Impact Your World

Children suffering: A true picture of Europe’s migrant crisis

Pepper spray and tear gas overwhelm a migrant girl Wednesday at the Hungarian border in Horgos, Serbia.

Story highlights

Hungarian police drive migrants back with tear gas, pepper spray and water cannons

Photos detail the heartbreaking aftermath for migrant children

At the Hungarian-Serbian border CNN  — 

No wonder the children cry.

They’re thousands of miles from home, wandering from country to country, sleeping on the ground. They have no toys. Some lost their shoes.

The danger and futility of the European migrant crisis was once again captured in photos of the youngest travelers.

On Wednesday, a group of migrants massed on the Serbian-Hungarian border, seeking to enter the European Union.

A migrant girl has stinging chemicals washed from her eyes Wednesday in Horgos, Serbia.

Hungary had sealed the final hole in its border with Serbia on Tuesday, shutting off a popular route for tens of thousands of people in Europe’s migrant crisis.

How you can help with the migrant crisis

The move left desperate men, women and children – most fleeing violence in the Middle East – blocked from entering Hungary by a razor-wire fence.

A girl cries after Hungarian police use tear gas and water cannons on migrants at the border.

At Horgos, Serbia, they forced their way through, some adults carrying children in their arms or pulling them by the hand.

Hungarian police drove them back with tear gas, pepper spray and water cannons.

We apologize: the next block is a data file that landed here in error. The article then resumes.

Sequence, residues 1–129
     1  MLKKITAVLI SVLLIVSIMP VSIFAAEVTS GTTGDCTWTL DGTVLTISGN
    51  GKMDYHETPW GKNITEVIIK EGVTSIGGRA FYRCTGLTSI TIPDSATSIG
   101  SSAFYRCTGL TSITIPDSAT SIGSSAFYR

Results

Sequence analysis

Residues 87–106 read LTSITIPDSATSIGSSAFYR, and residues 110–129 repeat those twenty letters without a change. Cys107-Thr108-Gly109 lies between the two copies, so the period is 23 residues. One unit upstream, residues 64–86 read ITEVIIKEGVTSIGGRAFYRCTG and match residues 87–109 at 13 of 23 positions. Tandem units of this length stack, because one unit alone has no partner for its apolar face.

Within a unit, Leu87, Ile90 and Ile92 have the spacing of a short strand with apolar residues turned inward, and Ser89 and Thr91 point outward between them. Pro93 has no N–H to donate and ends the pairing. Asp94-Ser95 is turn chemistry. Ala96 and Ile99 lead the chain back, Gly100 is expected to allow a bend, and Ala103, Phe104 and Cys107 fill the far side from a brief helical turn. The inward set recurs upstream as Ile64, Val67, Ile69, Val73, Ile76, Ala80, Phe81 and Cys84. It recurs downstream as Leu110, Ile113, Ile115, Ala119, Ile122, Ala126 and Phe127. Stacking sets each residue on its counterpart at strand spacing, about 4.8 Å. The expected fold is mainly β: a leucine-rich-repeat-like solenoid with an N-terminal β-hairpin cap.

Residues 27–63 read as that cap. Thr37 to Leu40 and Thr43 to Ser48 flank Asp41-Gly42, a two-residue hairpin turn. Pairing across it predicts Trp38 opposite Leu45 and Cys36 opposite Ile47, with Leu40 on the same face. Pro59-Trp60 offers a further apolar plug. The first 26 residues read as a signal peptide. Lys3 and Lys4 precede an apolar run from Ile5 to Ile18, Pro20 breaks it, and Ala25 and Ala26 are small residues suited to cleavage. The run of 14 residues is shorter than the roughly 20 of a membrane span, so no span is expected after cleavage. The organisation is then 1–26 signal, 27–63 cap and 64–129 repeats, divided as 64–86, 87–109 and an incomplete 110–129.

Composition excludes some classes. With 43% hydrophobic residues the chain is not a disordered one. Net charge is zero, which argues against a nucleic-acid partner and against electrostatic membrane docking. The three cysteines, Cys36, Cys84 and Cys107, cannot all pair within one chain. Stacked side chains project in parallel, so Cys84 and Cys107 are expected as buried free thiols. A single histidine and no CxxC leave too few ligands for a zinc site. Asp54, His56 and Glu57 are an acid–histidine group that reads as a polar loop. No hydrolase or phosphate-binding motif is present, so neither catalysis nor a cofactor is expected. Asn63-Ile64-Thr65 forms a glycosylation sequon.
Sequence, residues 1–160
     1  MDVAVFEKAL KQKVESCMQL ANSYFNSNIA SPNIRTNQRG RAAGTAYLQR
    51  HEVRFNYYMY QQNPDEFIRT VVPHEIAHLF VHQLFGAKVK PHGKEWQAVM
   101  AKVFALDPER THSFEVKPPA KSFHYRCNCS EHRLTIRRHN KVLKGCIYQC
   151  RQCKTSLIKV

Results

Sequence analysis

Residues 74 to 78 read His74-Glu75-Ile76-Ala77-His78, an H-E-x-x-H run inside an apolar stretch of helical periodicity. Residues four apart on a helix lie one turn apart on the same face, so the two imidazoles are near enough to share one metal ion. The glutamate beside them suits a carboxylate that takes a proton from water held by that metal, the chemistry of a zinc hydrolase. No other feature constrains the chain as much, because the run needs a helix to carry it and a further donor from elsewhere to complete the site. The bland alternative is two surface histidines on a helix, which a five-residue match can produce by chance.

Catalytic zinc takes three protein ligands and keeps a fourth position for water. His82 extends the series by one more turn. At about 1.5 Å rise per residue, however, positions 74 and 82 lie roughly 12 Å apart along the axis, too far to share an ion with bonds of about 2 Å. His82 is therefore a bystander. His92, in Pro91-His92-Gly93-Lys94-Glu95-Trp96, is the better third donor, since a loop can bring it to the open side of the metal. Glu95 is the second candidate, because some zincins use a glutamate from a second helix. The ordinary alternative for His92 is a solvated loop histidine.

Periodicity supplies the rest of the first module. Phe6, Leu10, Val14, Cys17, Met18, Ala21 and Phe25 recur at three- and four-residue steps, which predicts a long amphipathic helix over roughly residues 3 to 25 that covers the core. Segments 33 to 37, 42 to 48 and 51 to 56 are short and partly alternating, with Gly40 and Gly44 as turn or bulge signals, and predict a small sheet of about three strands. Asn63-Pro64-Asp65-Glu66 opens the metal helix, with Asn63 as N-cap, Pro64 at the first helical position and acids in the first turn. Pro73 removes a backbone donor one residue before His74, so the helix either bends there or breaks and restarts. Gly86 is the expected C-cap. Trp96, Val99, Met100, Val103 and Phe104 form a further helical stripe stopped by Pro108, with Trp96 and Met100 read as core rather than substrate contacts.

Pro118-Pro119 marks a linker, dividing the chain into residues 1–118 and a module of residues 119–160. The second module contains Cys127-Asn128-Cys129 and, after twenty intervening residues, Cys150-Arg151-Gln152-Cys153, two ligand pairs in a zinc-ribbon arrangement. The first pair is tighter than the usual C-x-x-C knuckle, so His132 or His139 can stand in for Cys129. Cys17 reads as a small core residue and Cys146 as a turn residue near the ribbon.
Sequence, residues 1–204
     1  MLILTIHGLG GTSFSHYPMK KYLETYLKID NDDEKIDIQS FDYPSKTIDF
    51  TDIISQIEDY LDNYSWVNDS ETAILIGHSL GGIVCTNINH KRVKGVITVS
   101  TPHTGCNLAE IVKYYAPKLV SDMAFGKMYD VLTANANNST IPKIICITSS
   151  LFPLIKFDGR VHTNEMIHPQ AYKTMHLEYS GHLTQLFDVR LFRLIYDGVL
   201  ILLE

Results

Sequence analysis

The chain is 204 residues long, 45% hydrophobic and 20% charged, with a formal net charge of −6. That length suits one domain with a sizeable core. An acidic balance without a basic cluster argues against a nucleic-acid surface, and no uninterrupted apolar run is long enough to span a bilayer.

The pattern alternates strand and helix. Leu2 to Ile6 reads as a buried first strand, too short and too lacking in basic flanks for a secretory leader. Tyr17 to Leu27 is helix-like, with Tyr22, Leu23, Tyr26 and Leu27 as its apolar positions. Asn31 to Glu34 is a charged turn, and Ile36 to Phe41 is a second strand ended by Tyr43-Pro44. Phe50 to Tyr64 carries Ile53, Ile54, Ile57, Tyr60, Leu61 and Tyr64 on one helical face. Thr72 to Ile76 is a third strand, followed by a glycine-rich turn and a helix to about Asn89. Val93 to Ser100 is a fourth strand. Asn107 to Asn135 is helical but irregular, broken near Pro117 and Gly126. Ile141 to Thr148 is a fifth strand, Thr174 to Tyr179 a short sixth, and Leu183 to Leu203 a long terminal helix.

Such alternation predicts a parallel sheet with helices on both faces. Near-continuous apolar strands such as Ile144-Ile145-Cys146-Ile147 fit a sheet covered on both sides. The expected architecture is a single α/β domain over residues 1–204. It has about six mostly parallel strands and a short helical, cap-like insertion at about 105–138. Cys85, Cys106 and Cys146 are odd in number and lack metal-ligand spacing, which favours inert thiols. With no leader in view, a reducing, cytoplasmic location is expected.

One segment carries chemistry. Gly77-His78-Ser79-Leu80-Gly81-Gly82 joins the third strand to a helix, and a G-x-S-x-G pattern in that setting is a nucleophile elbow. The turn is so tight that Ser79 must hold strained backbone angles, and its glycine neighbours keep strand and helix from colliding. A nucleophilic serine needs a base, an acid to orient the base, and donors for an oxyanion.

Hungarian government spokesman Zoltan Kovacs told CNN on Wednesday that Hungarian forces had been driven to respond when young men armed with sticks and stones tried to enter. He maintained that “proportionate police force” was used.

But the aftermath was heartbreaking.

Hysterical children wailed in their parents’ embrace. Adults doused children’s eyes with bottled water to wash out the stinging chemicals.

A migrant receives help after Hungarian authorities use tear gas on the Serbian border.

Children barely able to walk wept uncontrollably, with no understanding of why they’re not at home.

These pictures recalled those of Aylan Kurdi, 2, lying dead on a Turkish beach after a raft carrying his family capsized.

The photo of the boy’s body as an official approached was shared widely on social media, often with the Twitter hashtag #KıyıyaVuranİnsanlık or “Flotsam of Humanity” in Turkish.

More wrenching photos of children are likely.

The impasse at that entry point in Horgos on the Serbian-Hungary border won’t stop the flow of migrant families attempting their arduous journeys, said Eugenio Ambrosi, regional director of the International Organization for Migration.

“People will continue to try to reach Europe through Hungary, Croatia or any other route that might be available to them,” Ambrosi told CNN.

Are countries obligated to take in refugees?

CNN’s Gul Tuysuz and Ben Wedeman reported from the Hungarian-Serbian border. CNN’s Ralph Ellis wrote in Atlanta.